I haven’t read many ghost stories, as they typically linger in my mind for quite some time after I’ve read the last page. But now that I have a six-month-old puppy by my side at home, I felt rather more courageous recently and read Avi’s excellent and just-spooky-enough The Seer of Shadows.
It is 1872 in
, October of course, and fourteen-year-old
Horace has started an apprenticeship with photographer Enoch Middleditch. Avi writes that at that time, “photographic
images were considered remarkably truthful, reality itself,” a notion important
to remember as we consider characters’ reactions to certain future events. The knowledgeable Middleditch teaches Horace
a fair amount about his craft, and Horace’s description of nineteenth century
photographic processes is fascinating from a historical perspective. Yet Middleditch
is also selfish and deceitful with his customers. New
Pegg, who is also fourteen years old, stops by Middleditch’s studio one day and makes an appointment for her employer, Mrs. Von Macht. This wealthy woman desires a photograph of herself to place in her recently deceased daughter Eleanora’s tomb. Middleditch decides to take advantage of this situation and create a “spirit photograph” by superimposing a photograph of Eleanora into the composition. Horace, scrupulously honest, is tormented by the idea of involvement in such a scheme, but decides that he must do what his employer asks in order to keep his job and thus not burden his parents. However, once the sessions at the Von Macht home commence, Horace begins to feel that he actually has captured the ghost of Eleanora in his own photographs…and perhaps even unleashed her vengeful spirit.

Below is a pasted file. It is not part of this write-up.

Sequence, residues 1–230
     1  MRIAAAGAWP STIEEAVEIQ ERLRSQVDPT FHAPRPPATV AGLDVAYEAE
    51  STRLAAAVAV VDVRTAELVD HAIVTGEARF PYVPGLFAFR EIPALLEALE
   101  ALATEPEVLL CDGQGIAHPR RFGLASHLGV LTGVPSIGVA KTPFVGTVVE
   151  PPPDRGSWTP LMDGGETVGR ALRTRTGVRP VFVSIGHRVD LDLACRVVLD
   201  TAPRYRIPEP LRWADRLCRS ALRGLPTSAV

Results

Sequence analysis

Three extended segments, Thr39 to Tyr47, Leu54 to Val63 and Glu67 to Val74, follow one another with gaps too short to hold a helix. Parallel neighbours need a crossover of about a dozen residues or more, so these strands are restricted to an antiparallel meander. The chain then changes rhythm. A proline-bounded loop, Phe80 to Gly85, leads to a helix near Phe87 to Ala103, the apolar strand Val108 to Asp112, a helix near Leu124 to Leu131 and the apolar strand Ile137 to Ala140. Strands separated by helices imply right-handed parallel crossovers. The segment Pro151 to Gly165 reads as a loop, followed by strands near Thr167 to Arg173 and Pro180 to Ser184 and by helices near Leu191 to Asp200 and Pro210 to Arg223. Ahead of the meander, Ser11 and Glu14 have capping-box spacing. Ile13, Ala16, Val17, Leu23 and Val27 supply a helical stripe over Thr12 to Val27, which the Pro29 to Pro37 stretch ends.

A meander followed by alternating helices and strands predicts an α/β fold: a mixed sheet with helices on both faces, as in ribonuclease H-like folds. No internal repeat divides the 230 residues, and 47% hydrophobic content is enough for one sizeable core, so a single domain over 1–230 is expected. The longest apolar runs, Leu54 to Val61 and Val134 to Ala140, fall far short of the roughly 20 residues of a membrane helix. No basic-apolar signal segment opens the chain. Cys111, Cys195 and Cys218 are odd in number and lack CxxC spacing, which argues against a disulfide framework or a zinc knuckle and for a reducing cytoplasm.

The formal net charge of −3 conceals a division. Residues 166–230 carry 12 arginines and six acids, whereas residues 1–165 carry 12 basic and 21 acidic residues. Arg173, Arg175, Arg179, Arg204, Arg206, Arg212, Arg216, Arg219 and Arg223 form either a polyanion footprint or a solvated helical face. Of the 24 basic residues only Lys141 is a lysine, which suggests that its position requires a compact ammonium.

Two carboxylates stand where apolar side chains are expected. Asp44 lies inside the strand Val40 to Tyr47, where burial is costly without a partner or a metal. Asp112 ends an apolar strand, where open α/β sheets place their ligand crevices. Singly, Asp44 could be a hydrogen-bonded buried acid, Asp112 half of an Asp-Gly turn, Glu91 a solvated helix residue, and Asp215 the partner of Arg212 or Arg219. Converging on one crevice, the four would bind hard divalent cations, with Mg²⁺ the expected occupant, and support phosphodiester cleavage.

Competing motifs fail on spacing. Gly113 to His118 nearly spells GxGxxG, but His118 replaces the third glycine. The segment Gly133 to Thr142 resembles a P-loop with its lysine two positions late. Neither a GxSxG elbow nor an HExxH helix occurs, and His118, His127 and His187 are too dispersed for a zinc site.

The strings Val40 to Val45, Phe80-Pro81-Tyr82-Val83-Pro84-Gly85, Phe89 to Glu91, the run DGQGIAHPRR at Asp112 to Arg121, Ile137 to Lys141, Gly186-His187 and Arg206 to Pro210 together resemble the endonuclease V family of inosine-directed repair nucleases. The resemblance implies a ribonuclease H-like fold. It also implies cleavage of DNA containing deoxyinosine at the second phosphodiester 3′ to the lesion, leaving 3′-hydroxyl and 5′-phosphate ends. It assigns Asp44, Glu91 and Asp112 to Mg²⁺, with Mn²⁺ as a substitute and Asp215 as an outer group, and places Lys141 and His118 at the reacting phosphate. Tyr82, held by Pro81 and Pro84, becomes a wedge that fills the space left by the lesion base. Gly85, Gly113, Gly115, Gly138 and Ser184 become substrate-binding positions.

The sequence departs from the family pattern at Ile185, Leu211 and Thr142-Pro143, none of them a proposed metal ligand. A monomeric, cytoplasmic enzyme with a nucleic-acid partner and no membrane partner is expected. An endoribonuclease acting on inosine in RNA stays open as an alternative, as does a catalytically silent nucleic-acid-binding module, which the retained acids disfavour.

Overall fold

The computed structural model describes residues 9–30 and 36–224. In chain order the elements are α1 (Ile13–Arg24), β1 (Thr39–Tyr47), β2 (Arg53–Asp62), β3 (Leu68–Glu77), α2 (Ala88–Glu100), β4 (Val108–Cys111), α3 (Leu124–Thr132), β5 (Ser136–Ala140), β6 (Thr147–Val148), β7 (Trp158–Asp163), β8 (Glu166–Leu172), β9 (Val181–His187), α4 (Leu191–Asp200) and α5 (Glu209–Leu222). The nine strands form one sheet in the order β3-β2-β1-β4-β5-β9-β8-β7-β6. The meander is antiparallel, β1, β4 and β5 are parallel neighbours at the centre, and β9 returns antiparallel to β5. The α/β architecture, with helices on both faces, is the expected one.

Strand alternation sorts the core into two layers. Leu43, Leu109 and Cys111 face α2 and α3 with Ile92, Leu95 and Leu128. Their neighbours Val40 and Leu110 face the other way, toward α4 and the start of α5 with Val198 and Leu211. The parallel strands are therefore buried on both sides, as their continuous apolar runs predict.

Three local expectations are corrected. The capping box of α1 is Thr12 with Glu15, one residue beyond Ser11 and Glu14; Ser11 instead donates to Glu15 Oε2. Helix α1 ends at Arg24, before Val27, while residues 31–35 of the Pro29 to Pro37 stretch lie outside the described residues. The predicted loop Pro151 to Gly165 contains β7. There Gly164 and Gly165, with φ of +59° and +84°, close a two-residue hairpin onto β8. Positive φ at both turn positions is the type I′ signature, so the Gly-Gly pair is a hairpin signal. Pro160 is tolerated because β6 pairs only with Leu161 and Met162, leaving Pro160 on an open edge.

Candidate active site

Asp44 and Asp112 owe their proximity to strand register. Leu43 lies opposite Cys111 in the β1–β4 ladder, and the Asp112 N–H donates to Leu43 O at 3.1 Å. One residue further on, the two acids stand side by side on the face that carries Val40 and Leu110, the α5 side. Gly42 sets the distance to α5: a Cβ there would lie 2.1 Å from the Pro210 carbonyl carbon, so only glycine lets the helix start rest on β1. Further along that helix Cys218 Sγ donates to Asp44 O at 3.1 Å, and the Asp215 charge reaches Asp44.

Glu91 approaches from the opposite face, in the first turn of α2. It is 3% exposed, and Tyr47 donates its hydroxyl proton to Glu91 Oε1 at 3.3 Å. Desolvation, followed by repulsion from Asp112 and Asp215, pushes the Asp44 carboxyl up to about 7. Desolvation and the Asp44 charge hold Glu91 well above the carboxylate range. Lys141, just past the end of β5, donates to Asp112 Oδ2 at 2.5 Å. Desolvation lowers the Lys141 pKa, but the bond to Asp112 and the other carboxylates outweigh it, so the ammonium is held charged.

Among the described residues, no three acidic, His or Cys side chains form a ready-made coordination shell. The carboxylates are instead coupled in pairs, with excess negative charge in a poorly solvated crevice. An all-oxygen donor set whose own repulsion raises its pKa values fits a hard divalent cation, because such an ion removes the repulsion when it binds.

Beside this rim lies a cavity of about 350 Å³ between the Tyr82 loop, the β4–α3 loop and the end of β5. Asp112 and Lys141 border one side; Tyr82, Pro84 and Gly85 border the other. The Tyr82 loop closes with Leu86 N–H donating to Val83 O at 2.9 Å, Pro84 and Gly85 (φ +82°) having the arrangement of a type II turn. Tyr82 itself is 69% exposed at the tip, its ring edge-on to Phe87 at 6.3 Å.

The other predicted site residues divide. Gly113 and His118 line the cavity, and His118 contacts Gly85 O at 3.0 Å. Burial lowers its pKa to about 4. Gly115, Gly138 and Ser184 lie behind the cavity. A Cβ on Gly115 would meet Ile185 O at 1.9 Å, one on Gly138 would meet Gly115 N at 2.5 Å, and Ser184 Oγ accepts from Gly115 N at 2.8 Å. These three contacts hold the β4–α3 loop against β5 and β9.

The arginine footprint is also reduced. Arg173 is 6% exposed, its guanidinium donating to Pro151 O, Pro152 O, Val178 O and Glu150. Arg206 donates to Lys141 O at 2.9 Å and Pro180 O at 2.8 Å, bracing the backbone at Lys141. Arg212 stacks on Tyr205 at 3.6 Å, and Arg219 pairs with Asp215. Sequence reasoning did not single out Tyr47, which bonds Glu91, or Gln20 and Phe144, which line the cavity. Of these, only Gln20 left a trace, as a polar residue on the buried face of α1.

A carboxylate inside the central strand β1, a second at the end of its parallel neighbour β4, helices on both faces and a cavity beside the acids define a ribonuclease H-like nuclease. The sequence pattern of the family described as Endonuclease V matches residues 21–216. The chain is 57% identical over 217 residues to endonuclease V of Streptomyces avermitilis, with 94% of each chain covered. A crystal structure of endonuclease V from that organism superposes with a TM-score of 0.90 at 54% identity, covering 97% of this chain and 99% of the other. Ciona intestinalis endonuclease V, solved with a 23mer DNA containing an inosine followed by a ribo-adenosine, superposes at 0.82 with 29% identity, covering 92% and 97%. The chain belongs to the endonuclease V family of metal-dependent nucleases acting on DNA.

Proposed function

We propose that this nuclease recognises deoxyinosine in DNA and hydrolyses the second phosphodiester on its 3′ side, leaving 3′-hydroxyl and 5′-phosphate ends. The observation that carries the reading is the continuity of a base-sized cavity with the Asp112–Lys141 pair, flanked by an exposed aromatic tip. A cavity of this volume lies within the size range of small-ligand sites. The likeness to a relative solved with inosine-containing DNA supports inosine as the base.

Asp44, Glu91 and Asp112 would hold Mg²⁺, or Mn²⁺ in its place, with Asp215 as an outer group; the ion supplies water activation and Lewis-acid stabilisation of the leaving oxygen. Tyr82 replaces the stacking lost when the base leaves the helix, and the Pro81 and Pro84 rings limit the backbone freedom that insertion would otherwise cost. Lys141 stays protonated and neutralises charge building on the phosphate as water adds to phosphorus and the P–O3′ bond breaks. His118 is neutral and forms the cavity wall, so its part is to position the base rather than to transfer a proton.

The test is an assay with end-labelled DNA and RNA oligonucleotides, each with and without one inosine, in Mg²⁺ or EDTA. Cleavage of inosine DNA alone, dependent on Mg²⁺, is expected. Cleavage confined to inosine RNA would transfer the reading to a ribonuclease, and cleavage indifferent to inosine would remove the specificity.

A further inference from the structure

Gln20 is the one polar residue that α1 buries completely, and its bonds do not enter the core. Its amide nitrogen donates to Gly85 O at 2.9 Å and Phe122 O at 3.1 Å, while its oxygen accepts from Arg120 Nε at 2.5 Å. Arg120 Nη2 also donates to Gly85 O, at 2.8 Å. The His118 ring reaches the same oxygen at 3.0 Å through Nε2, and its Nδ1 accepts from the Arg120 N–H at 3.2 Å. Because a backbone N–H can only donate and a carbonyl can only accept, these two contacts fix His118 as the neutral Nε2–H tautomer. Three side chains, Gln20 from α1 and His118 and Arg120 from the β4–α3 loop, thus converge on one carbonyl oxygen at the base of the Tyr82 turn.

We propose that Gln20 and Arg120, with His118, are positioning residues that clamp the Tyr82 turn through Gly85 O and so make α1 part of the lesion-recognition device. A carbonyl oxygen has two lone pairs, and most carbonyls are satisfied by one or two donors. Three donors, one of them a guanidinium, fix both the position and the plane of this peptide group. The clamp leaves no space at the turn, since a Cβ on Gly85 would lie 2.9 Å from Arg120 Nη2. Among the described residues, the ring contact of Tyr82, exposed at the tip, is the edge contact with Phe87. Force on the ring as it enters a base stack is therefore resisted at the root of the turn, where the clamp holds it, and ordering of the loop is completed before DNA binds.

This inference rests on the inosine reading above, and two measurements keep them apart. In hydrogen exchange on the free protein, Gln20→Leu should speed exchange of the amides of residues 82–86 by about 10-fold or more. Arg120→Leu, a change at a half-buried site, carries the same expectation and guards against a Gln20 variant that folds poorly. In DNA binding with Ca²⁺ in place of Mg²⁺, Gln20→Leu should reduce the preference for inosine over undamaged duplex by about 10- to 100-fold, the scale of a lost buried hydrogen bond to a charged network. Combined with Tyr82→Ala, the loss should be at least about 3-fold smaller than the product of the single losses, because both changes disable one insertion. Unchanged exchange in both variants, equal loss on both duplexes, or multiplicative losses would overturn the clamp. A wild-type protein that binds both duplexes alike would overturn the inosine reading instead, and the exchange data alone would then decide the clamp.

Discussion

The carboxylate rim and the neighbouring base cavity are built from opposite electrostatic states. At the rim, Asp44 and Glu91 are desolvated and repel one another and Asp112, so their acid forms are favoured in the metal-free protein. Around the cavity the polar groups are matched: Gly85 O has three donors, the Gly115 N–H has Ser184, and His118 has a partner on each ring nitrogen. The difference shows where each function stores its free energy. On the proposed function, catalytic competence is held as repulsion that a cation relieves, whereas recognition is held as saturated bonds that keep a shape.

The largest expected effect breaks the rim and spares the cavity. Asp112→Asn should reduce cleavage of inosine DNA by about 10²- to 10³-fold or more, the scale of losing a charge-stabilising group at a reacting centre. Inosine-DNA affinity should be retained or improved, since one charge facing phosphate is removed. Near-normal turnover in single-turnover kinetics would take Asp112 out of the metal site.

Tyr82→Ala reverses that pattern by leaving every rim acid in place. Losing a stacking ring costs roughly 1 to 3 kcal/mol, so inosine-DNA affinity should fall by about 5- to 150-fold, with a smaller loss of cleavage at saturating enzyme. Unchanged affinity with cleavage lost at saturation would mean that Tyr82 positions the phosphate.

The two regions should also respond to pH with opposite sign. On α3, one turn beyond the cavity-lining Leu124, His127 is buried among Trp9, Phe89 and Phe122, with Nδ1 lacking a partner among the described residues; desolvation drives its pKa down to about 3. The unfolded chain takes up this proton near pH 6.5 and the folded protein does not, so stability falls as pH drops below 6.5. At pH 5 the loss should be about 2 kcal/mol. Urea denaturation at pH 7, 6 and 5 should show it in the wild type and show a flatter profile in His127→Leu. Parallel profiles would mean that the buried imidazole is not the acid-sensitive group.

I found The Seer of Shadows to be a true page-turner. The suspense builds quietly, but suddenly you are right there with Horace, quickly closing a door behind you to escape something frightful. Yet the ghostly scares are brief and manageable even for a ghost-story-avoider like me, especially as the close friendship that Horace develops with the trustworthy Pegg lets us know that our hero is never really alone. I would recommend this novel for middle school readers, as well as those fourth and fifth graders who can handle scary tales. As the story is both paranormal and an educationally valuable work of historical fiction, it would make a great read-aloud for tween classrooms at this time of year.
A few years ago I read another of Avi’s novels, The True Confessions of Charlotte Doyle. It’s not a ghost story, but like The Seer of Shadows, is very well-written, suspenseful and narrated in the first person by a nineteenth century young person finding their way amidst unfamiliar challenges. I’m beginning to understand why Avi is considered to be a master of storytelling by so many, and plan to read much more of his writing.